Daimler’s Mercedes-Benz this week updated details of its EV launches and source plants. The EQA will be launched on 20 January, 2021 and its production launch at the Rastatt plant “went smoothly”, according to the automaker. As with the EQC built in Bremen and Beijing and the EQV at Vitoria, all already on sale, the Rastatt EVs are made on the same line as ICEs and hybrids. EQB production – originally scheduled for the Smart plant at Hambach, now sold to Ineos – will begin in 2021 at the Hungarian plant in Kecskemet for most markets and at BBAC in Beijing for China sales. Plant preparation, including employee training and renovation work, is already under way.

Chinese electric car maker Nio plans to issue 60m new American Depositary Shares (ADS) in a follow on offering from its September 2018 initial public offering (IPO) when its shares began trading on the New York Stock Exchange (NYSE). Nio is looking to capitalise on a 15 fold increase in its share price this year to boost its coffers, joining a rush for fundraising among Chinese new energy vehicle (NEV) manufacturers as they look to increase their exposure to growing global demand for electric vehicles. Other Chinese NEV manufacturers that have successfully raised capital in the US in recent weeks include XPeng and Li Auto while Tesla also plans to raise US$5bn in its third stock offering this year.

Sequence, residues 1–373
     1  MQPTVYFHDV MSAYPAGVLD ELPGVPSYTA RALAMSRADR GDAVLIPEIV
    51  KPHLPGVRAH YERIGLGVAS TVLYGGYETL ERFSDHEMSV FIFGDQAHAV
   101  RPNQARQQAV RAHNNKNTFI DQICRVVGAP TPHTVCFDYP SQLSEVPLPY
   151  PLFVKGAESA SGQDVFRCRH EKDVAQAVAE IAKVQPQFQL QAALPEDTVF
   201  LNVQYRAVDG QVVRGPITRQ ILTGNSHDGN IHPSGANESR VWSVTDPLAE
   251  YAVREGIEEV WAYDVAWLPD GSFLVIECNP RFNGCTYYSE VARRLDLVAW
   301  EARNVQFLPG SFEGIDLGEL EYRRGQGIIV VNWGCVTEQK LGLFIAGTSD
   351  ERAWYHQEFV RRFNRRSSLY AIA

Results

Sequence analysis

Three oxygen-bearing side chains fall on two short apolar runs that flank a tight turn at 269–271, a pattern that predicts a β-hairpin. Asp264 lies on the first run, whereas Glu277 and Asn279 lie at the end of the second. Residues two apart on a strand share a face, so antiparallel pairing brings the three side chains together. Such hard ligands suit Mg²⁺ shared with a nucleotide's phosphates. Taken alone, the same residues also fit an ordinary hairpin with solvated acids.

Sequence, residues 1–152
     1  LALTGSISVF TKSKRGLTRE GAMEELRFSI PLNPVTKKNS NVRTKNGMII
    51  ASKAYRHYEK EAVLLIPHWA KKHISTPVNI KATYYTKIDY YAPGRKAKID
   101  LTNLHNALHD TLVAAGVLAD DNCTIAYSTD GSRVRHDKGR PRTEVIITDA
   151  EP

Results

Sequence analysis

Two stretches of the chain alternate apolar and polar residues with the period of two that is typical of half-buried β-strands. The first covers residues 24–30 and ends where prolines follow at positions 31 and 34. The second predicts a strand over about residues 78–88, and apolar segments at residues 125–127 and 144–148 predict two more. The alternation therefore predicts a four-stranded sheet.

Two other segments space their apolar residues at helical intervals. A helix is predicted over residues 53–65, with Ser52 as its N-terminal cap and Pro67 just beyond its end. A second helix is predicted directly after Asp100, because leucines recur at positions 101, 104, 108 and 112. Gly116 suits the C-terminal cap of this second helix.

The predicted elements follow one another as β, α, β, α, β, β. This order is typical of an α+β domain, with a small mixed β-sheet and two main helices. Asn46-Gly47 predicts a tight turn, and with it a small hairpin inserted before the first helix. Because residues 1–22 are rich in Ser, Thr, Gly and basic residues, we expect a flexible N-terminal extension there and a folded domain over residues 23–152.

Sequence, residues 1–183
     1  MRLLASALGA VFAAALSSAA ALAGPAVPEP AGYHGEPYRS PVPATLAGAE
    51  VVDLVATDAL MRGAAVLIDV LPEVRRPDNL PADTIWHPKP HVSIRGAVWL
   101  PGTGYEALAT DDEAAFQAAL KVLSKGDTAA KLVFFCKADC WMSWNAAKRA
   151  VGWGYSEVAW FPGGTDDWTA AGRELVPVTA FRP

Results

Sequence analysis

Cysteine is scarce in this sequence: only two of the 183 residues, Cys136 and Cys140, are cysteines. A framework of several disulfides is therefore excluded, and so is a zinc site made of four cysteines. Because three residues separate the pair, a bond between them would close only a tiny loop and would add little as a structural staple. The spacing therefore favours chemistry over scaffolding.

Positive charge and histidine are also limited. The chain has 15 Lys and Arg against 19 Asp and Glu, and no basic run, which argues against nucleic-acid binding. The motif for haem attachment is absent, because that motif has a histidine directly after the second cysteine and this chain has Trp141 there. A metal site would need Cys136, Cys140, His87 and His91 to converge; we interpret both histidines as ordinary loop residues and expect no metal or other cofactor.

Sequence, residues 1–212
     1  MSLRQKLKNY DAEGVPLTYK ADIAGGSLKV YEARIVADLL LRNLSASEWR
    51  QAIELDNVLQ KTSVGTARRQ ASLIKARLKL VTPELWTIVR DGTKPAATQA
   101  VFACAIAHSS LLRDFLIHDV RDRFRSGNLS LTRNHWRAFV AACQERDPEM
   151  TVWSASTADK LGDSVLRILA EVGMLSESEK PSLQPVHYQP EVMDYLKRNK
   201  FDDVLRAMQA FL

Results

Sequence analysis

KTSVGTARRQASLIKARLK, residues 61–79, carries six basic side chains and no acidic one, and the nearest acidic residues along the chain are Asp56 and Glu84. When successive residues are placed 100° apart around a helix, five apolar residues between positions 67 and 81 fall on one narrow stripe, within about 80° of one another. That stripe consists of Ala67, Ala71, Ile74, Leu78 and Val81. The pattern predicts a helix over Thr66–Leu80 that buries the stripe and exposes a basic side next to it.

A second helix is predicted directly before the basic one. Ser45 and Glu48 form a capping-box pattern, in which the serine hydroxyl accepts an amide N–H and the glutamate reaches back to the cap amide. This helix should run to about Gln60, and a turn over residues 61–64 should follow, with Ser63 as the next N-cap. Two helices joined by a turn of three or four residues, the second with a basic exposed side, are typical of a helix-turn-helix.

Tata Motors – Jaguar Land Rover’s parent – said its Nexon EV, had passed the 2,000 sales milestone after 10 months on sale in India. Sales reached 2200 units as of November 2020. After rolling out its 1,000th unit in August this year, the car managed another 1,000 sales units in a record three months (Sept-Nov 2020). Tata said the Nexon EV had emerged as the best selling electric car in India. Currently, Tata Motors is leading the EV segment with a 74% market share, it claimed.